Miami-Dade High Schools

This state champion golf team plans to continue its winning tradition. Here is how.

American Heritage golfer Alena Linah practices at the Lago Mar Country Club in Plantation, Florida, September 11, 2018.
American Heritage golfer Alena Linah practices at the Lago Mar Country Club in Plantation, Florida, September 11, 2018. ctrainor@miamiherald.com

There’s a side of golf that remains hidden from the general public. Edited from the news hour highlights, cut from the amazing hole-in-one or the more spectacular missed putts is a very specific pre-shot routine, and the soft-paced walk in the park that precedes it.

Yes, this game is even slower than you think. But there are those who enjoy it.

“Next up, from American Heritage, Plantation … Casey Weidenfeld!!!!”

Coach Linda Sibio does the announcements in her attempt to invoke some sort of collegiate ambiance, and the girls cheer accordingly. But they had to wait for their turn to come into the course at Lago Mar Country Club, as the men that came before them moved on to the next hole. Such is life in Florida high school golf.

Weidenfeld steps to the box, plants her tee and the ball and takes her time to rehearse her swing. She then steps to the side, to a spot from where she can see the ball and her target, about 300 yards away. She returns to her original stance, and only then does she take a hit at it. After a few seconds of flight, the distance seems to swallow the little dimpled sphere.

A REAL SPORT

As much as one can try to explain the sport to outsiders, it takes one playing to be able to understand it, if not appreciate it. With different clubs for each shot, and courses often guarded inside country clubs, it can be an expensive game. In a time of short attention spans, it can be frustrating. But those playing it get to lose themselves in the analysis of details. Time flies when one is tuned in.

During the past few seasons, the girls at American Heritage have been some of the best at doing that. The defending Class 2A state champions lost individual champion Jillian Bourdage to dual enrollment, but quickly replaced her with new leaders — and have plenty on the pipeline. In a double meet with sibling school Delray American Heritage, the team showed up with a group that includes a seventh-grader.

“There’s no luck in how they get to pull out so different shots,” Sibio said. “These are shots they work on every day, and why they’re up on the course on weekends at 6:30 a.m.

Sibio, the American Heritage coach since 2010, was a basketball player for West Kentucky University during the ‘80s, and even made the Final Four. Decades later, her knees and ankles “shot,” she can’t play her sport anymore. Which is why she sees so much value in golf.

“Some of them won’t even play in college because the school they choose won’t have a program, but golf is something you can play your entire life,” she said.

Newer joints and an old soul seem to be the recipe, as 15-year-old Weidenfeld remarks: “It’s the overall feel of the game, more like it’s a mature sport, and I often feel like I’m older than my peers.”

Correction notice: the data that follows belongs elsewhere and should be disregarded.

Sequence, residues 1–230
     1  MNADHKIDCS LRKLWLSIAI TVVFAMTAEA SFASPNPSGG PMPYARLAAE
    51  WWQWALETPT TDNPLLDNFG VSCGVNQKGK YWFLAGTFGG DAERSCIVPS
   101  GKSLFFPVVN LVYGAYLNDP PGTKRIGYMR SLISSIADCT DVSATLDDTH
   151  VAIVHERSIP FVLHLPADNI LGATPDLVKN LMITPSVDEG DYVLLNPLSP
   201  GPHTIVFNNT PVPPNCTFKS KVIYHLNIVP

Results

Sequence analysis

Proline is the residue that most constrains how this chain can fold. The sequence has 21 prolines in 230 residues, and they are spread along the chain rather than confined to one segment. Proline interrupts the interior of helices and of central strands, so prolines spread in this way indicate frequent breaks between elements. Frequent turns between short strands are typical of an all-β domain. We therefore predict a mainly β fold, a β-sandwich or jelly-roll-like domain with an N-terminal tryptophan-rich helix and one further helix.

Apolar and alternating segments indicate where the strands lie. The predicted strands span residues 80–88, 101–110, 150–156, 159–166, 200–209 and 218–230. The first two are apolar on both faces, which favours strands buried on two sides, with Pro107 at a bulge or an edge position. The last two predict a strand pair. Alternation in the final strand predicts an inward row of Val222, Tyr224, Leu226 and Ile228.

A dystopian fiction writer in her time off, Weidenfeld is the best player in the team, and just orally committed to Auburn University. A golfer from an early age, she qualified for USGA Women’s Amateur Championship last August and wants to top that missed cut finish this time around.

“As teenagers, they’re building their confidence,” Sibio said. “Other sports have more intangibles; this one is about mental toughness and keeping your confidence.”

ALL ABOUT CONTROL

As they move on between shots, coaches and parents follow the girls in a caravan of golf carts packed with snacks and umbrellas. For now, the black cloud that has been sitting on top refuses to unload. Instead, the moist is becoming more challenging by the minute.

“The best weather would be 75 and sunny, with little wind,” says 17-year-old Alena Lindh, the captain and only senior in the team. The mention of the weather kicks off the monologue about the mental side of golf.

“A lot of people think we just stand here and hit the ball. A lot of sports are very reactionary: you’re reacting to a stimulus or a player moving towards you,” she said. “In golf, you have to react to something that’s not moving. You are moving, and you need to be in control of your mind and your body, to make things that are so precise happen where things aren’t under control: the wind, the heat, the rain. You need to be the most adaptable player you can be in order to be the most successful.”

Lindh has a lot of complains to add to the list, like the fact that women’s clubs and apparel are confined to a little corner of the golf stores. Or that, despite the recent popularity of the LPGA, successful women golfers still get way less airtime than their male counterparts.

“That’s why being on this team, surrounded by other girls who want the exact same thing than me, makes me much more driven to work harder,” she said.

After all that agitation, she brings herself back to zen-like concentration a few minutes later, like a silent flip of the switch.

So that is what makes a golfer good.

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